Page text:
I'd consider other stoves, though I would need to find a dealer who could sell and install it.
For the tax credit, I'm pretty sure the stove has to be installed by December 31st, but if anyone knows different, please speak up.
It's an open floorplan and a newer home. It's well insulated but with 12 skylights there is some heat loss. The ceilings are 9 feet on the first floor and 8 on the second. They are vaulted on the top floor and there is no attic. But it's a temperate Pacific Northwest climate though it does get cold sometimes. It's 20 degrees today and there's snow on the ground, though this is fairly unusual for December. The home is back in the woods so things stay colder and wetter.
On the first floor, there's just a few spaces separated from the rest -- an office, a bathroom and the laundry room. The livingroom, dining room, kitchen and family room are one continuous space, laid out in a horseshoe shape. One possibility is place the stove at the center, though it might also work to place the stove at one end, and let the staircase at the other end suck the air across the house and up.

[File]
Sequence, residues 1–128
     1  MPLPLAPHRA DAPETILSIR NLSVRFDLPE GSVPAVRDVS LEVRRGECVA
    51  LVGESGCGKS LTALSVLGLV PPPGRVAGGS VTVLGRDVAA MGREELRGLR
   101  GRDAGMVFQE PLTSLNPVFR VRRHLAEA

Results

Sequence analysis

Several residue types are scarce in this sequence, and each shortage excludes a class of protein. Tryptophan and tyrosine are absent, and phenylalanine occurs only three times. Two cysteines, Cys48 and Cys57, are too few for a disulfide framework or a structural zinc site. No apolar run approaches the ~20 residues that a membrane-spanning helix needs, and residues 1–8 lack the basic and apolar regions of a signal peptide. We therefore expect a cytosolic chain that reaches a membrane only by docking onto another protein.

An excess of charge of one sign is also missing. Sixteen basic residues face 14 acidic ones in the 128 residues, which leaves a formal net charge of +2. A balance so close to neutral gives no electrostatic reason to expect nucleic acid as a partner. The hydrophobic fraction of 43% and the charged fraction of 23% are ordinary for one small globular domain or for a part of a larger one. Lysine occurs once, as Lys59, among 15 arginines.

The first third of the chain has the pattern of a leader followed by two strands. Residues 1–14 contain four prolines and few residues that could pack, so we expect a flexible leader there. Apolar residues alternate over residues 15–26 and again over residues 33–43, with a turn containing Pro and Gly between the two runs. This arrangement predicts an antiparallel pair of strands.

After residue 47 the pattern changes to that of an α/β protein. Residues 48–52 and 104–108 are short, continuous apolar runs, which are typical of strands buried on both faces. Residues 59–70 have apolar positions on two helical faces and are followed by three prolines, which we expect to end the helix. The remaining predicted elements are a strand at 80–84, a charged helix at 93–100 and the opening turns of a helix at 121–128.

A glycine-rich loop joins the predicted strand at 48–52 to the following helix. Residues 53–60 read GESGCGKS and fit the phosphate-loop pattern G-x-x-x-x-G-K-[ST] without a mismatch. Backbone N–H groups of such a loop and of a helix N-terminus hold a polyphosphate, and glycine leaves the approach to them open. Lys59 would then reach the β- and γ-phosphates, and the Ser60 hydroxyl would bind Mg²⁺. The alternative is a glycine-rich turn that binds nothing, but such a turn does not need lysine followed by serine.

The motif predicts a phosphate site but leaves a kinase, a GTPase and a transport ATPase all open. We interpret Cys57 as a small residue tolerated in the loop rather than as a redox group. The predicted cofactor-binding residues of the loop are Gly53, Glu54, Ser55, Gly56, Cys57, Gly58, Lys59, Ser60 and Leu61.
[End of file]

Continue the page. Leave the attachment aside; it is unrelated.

The second floor has a master bedroom and bath, two other bedrooms and a hall bath. We rarely use the room at the far end of the hall. It's for guests and it's fine if we need to use a space heater when people visit, though I suspect it will be fine. We mostly use the master bedroom and bath and the room at the top of the stairs. If the heat doesn't easily flow up, we can put in some ducts to help conduct it.
So the focus is on finding the right stove to provide adequate heat that will run efficiently and be something that adds ambiance to the home. I was drawn to the Cape Cod in brown enamel because it matches our Brazilian Rosewood floors and because it's so beautiful. Watching the fire burn would be wonderful. But it also has to heat the place. So that's where maybe the Blaze King (or another stove) might be a better choice. Though, as I've said, the dealer thinks the Cape Cod would do the job, and he also does not think it has any design flaws that will cause it to fail us. He thinks the efficiency will be great, and the fact that it heats up fast will be perfect for us.